A new study showed that using formula and breastfeeding may extend the time a child will nurse.
The last thing that many new mothers want to hear when they intend to breastfeed is the word “formula.”
However, according to a new study, formula may help mothers with low milk supply keep their child breastfeeding for a longer duration.
Dr. Valerie Flaherman, a pediatrician at UC San Francisco, teamed up with colleagues to evaluate 38 infants that had lost 5 percent of their birth weight within their first 36 hours. One group was given 10 milliliters of formula through a syringe after each breastfeeding session with their mothers. They stopped giving the formula once the mothers’ milk supply came in. The other group—the control group—included infants only breastfed.
After a week, only two of the 20 babies who had received the syringe feedings had received formula in the previous 24 hours. In the control group, nine of 19 babies had wound up going on formula.
Three months after the children were born, 79 percent of the babies who had the early formula feedings were breastfeeding exclusively, while just 42 percent of the control group babies were solely breastfed.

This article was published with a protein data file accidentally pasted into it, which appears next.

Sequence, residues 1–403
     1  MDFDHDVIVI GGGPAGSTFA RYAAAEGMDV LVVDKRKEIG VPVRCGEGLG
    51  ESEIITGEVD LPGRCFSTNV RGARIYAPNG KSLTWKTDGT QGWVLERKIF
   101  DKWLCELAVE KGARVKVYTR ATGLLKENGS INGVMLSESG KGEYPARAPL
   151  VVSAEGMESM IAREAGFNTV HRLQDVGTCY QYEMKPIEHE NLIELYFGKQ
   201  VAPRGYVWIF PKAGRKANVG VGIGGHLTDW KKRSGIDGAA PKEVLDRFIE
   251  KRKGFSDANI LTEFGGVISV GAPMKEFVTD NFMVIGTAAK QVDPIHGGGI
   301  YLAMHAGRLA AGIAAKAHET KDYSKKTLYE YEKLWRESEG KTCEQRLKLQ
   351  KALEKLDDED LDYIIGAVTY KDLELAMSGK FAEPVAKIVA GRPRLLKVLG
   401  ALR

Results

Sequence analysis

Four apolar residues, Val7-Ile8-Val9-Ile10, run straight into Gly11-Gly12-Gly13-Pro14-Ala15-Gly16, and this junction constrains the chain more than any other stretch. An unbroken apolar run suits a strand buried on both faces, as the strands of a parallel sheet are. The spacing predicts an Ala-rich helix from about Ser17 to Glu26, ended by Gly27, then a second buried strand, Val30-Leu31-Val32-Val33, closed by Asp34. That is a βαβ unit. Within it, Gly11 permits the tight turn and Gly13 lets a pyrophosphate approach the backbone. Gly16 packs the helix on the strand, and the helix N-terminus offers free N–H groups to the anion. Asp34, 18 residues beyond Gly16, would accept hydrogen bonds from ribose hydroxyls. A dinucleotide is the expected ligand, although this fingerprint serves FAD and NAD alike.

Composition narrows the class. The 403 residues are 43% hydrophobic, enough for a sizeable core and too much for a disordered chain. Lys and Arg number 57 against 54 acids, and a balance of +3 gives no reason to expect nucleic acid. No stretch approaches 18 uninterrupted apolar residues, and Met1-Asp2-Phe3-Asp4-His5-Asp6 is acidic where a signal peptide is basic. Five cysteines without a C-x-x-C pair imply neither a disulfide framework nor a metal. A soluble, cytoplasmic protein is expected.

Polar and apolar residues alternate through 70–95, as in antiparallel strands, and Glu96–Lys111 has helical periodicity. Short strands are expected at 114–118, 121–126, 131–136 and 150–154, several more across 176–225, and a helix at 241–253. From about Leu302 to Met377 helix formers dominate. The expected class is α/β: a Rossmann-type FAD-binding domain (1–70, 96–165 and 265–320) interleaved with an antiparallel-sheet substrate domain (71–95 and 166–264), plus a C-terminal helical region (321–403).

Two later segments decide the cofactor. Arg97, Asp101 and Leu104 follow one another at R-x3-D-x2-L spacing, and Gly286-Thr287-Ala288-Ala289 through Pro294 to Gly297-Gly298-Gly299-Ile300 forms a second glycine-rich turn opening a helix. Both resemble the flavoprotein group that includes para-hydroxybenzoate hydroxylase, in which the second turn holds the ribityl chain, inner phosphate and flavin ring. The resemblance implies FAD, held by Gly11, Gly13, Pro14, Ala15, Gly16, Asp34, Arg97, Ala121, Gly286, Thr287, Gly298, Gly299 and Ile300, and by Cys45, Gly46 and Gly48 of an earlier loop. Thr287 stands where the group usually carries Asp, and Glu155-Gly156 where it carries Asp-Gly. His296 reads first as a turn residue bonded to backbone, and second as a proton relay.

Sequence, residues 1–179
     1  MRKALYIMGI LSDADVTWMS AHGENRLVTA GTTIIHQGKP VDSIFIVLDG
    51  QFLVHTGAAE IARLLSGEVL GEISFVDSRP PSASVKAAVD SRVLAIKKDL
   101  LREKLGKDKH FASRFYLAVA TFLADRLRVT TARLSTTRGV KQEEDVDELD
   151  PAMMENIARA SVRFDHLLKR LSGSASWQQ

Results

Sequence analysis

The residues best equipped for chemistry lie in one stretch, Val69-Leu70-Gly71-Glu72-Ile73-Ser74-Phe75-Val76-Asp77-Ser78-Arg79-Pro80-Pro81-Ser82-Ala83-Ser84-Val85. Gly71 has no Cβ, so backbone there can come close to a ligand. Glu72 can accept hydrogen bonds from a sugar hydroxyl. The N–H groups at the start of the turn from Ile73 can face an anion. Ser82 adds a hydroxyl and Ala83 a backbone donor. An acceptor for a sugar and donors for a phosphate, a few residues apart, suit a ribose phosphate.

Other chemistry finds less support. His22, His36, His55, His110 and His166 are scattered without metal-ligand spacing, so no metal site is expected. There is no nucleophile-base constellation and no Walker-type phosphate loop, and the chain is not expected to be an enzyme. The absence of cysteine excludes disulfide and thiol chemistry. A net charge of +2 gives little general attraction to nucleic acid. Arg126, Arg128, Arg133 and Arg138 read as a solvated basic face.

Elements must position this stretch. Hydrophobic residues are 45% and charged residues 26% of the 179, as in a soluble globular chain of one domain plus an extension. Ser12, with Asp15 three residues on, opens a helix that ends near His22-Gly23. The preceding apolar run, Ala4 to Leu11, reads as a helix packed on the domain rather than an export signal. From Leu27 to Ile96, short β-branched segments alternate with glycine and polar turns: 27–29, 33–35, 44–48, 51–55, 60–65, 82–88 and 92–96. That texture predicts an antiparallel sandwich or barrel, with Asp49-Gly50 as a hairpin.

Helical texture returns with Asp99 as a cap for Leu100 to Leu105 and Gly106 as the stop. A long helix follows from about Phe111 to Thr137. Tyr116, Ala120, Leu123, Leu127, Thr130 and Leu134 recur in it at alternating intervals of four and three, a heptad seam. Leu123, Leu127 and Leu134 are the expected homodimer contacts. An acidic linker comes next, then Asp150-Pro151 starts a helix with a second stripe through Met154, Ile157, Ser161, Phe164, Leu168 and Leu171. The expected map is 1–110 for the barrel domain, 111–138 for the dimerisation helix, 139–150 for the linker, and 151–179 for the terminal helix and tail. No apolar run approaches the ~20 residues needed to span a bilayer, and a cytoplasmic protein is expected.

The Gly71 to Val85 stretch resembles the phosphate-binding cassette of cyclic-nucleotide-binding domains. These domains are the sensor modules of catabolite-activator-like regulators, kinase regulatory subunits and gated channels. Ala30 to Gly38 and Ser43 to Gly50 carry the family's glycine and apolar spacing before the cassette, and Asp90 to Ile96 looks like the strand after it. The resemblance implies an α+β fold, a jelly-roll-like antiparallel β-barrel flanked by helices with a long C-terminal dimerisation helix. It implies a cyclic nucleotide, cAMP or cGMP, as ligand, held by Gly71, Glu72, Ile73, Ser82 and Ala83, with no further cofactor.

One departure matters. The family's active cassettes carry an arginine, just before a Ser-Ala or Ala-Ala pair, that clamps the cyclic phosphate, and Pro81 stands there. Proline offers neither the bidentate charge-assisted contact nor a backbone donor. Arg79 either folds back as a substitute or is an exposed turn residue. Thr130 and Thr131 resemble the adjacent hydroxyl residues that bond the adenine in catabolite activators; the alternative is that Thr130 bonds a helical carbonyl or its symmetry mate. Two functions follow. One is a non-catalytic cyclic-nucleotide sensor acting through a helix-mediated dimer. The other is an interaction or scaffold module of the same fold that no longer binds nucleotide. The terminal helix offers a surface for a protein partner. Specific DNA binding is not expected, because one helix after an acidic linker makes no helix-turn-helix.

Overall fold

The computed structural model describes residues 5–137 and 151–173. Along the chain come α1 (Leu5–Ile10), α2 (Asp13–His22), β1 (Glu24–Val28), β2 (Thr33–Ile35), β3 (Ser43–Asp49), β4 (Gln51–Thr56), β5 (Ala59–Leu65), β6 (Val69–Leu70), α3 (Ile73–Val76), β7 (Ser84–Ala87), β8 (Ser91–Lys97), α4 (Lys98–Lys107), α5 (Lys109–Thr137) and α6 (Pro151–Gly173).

“By partially ameliorating weight loss and signs of fussiness and hunger, early limited feeding may provide mothers with a strategy to allay their milk supply concern and continue with their desire to breast-feed for a longer duration,” the team wrote.
The researchers say that the use of the syringe made sure the infants did not learn to prefer bottles to the breast.
In other news, more women in the U.S. are breastfeeding in general.
A Centers for Disease Control and Prevention report showed that the percentage of women who breastfed babies from birth went from 70.3 percent to 74.6 percent in recent years. The number of women still breastfeeding when children were six months old increased from 34.5 percent to 44.4 percent and children who were breastfed for a year rose from 16 percent to 23.4 percent.